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Unique viewpoint of senior citizens continuing to live, even if that means rediscovering the joys of sex.

Theatre Review (Singapore): ‘My Mother Buys Condoms’ by Helmi Yusof

STF2016 My Mother Buys Condoms by W!LD RICE pic 1

My Mother Buys Condoms, written by Helmi Yusof, is part of Wild Rice’s Theatre Festival this year and will run at Lasalle College of the Arts’ Creative Cube from the 14th to 24th of July 2016.

This comedic play focuses on  63 year old retiree Maggie (Lok Meng Chue) who gives tuition at home and has recently separated from a cheating husband. She is financially helped by her children Wilfred (Joshua Lim) and Gwen (Seong Hui Xuan), whom Maggie wishes would visit her more often. Together with her fellow-retiree teacher, close friend and neighbour Nora (Elnie S. Mashari), Maggie lives a nice and comfortable albeit lonely life. So when a visiting air-conditioner repairman Raju (Remesh Panicker) makes arrangements with the retired literature teacher Maggie to teach him how to read and write in English, sparks fly, romance blossoms, and eventually sex occurs – but not if Wilford has anything to say about it.

When the relationship comes to light, it is only Gwen who stands by her mother’s love and newly revived sexuality.  Gwen herself is a closeted lesbian, who has been in a relationship with her female housemate since she was 16 years old. Meanwhile, Nora feels that Maggie’s relationship is disgusting because not only is she having sex outside a marriage, but also because Raju has visited prostitutes previously – and incidentally thereby making it imperative for the couple to use condoms for protection – which also explains the title when Wilford finds this out.

STF2016 My Mother Buys Condoms by W!LD RICE pic 5

Yusof does a good job in presenting all sides of the story, without making it preachy; he leaves it to the audience to decide on which side they stand. On one hand you have Maggie who is having a sexual awakening and is in love. In one scene Maggie even tells Nora she’s never had such powerful orgasms before and implies that her new man is rather well proportioned too. It’s rare to see women above a certain age claim this sort of sexual excitement, and it’s refreshing to see this here.

However, on the other hand, you also have Nora and Wilfred who argue that a woman past a certain age should not be experimenting with sexuality, as she ought to have grown up by now, as Nora chides her friend. This isn’t an easy point to support in this day and age where people are routinely encouraged not to hold back from aiming for something just because of a small matter like age. However, because Raju has a sexual past the includes paying strangers for sex, Yusof makes it easier to understand Nora’s and Wilford’s point about his sexual past being a moral issue.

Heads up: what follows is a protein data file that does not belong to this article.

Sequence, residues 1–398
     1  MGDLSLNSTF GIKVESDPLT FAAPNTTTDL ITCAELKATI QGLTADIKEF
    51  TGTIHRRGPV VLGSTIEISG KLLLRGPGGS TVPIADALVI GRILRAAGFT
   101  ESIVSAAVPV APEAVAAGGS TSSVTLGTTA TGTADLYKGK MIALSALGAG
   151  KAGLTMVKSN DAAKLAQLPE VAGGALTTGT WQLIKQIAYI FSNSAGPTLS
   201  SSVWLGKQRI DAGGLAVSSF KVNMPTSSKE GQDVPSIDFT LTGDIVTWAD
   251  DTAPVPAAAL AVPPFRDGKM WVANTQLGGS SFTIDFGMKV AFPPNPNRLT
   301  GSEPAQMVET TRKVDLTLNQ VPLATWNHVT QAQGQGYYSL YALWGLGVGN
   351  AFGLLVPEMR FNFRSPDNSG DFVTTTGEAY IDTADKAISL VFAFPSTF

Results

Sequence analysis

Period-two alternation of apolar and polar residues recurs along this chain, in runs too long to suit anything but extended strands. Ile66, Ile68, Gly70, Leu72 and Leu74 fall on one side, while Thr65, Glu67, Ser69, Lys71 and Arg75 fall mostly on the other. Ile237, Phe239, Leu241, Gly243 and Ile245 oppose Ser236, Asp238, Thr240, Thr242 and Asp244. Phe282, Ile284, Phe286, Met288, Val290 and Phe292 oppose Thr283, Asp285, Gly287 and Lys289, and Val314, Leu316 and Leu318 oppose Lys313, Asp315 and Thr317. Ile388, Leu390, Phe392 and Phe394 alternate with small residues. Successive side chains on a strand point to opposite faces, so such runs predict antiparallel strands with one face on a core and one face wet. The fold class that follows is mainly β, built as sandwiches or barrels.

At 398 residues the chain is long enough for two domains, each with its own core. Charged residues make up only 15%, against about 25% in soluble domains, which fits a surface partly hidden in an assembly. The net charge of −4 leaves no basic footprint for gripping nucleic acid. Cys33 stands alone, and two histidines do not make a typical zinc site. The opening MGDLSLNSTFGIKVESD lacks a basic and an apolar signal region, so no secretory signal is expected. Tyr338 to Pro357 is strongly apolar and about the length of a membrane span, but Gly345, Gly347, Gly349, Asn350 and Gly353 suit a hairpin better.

In the end, whether you agree with either side or both sides or none of the argument, Gwen probably summarises it best when she tells her mother that as long as people are different, there will be people who are against their behaviour and will want to tear them down. Morality is a difficult thing for everyone to agree upon. There is no right or wrong answer; there is no black and white here. We all decide for ourselves in the end – and we have to learn to accept (and continue to love) when others decide differently. That is the important message behind this play.

The acting is good, and the set is very eye-catching as it looks exactly like an HDB flat – complete with a working tap!

Overall, the dialogue is quite funny but could use a little more humour, and there is no need for the predictable and tired plot point of Gwen being a lesbian, as if one needs to be on the fringes of society in order to support a mother’s freedom to love and have sex.

Having said that, My Mother Buys Condoms still offers a unique viewpoint of senior citizens continuing to live, even if that means rediscovering the joys of sex.

 

About Sharmila Melissa Yogalingam

Ex-professor, Ex-phd student, current freelance critic, writer and filmmaker.

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